I never get tired of reminding readers how important it is to be informed about your immigration case, including qualifying, understanding the typical process, timing and staying updated on your case status. So assuming you have done all that, what happens when your case remains pending past the posted processing times? Or, the online status says the USCIS sent you a notice, but you never received it after 30 days? 
How To Make An E-Request On Your Pending Immigration Case
2) Use the correct Form: Be sure you have the most current edition of the form. Never pay for forms, they are free. To download the current edition of each form, go to and click on the Forms link, then choose your form. 

3) Supporting Documents: If possible, make sure and include all required documents so your case is not delayed. Read the Form Instructions and enclose copies of the required supporting documents listed. Never send originals. However, due to time restraints in getting applications filed before the “Public Charge” rule go into effect next week, certain documents may not be available before the case is sent. In such cases, send the majority of the documents now, then wait for the USCIS officer to send a request for any additional documents missing. Never mail documents in separately once the case has been filed without a USCIS request, since they will be sent back to you.

4) Foreign Language Documents: All documents in a foreign language must be accompanied by an English translation and “Certificate of Translation” signed by the translator, attesting to the fact that they are fluent in the foreign language and English. Example: I [name of translator], certify that I am fluent in the English and [type in name of foreign language, for instance, Spanish] languages, and that the above is an accurate translation of the attached document. Have the translator sign, date and type in his or her address. If it’s not possible to get foreign language documents translated in time, wait for the USCIS officer to send a request for it and send it in at that time.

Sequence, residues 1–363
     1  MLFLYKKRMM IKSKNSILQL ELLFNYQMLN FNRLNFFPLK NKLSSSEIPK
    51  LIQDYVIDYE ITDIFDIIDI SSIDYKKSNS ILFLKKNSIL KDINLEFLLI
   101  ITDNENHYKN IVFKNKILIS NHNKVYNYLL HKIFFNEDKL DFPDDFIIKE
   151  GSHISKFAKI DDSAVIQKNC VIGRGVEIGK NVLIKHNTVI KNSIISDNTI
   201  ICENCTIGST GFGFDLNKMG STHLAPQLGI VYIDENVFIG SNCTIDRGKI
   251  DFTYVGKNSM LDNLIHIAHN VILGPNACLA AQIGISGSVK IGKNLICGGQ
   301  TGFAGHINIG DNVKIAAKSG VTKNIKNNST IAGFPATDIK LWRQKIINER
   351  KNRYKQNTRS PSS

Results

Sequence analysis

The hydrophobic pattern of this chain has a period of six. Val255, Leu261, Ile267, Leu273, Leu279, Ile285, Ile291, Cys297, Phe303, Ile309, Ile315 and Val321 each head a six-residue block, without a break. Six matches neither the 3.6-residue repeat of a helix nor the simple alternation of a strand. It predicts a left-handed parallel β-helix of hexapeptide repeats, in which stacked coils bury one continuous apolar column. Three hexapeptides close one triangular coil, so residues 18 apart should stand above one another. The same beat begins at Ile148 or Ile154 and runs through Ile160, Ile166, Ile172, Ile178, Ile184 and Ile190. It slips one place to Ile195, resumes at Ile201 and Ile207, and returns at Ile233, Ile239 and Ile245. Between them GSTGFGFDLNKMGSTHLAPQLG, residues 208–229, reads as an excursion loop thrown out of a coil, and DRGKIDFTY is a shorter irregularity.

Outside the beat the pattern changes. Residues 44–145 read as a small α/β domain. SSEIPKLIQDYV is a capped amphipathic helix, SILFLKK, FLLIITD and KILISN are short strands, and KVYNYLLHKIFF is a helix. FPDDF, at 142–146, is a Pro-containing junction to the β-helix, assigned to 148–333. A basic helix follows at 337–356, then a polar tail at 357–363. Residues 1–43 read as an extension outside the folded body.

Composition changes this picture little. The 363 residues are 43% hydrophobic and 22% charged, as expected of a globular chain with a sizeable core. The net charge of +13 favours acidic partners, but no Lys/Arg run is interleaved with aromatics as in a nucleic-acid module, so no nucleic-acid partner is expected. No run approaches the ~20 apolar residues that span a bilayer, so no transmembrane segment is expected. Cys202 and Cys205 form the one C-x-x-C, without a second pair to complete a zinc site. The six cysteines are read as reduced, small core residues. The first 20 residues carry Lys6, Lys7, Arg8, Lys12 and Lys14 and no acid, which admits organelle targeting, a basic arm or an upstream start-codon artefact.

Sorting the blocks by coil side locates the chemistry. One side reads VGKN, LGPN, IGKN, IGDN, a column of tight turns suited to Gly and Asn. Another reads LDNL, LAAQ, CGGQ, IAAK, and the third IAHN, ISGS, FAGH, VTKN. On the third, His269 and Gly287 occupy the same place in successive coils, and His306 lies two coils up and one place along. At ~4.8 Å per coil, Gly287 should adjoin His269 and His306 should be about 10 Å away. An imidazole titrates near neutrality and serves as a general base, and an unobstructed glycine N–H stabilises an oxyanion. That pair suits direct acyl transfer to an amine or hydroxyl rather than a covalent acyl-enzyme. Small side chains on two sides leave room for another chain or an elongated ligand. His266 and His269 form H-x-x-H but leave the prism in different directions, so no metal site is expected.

5) Copies: Keep copies of every page of your signed application, all supporting documents and check/money order for your records.

6) Filing Fees: Make sure the USCIS filing fee is correct. Go online to the USCIS website and click on the Forms link to see the current filing fee for each form, then use the USCIS Fees Calculator to determine the exact filing fee. Pay particular attention to applications, which require biometrics fees in addition to the regular filing fees. You can pay your fees by regular personal check, Cashier’s Check, Money Orders, Credit Cards, Debit Cards and even Gift Cards. If using a card, you will need to download and complete form G-1450. However, be very careful about making sure that you have enough funds in the card for the filing fees and fill out a separate G-1450 form for the filing fee for each separate form. For instance, if your residency application is based upon marriage, you will need to fill out a form G-1450 for the form I-485 for $1,225 and a separate one for form I-130 $535. You can get link to USCIS Fees Calculator by visiting our website at: and clicking on the Immigration Newsletter link.

7) Sending your application: Use Fed-ex or USCIS Priority Mail or Express Mail with tracking. Be sure to get delivery confirmation a few days after you send your application, to confirm it was received and save the confirmation for your records.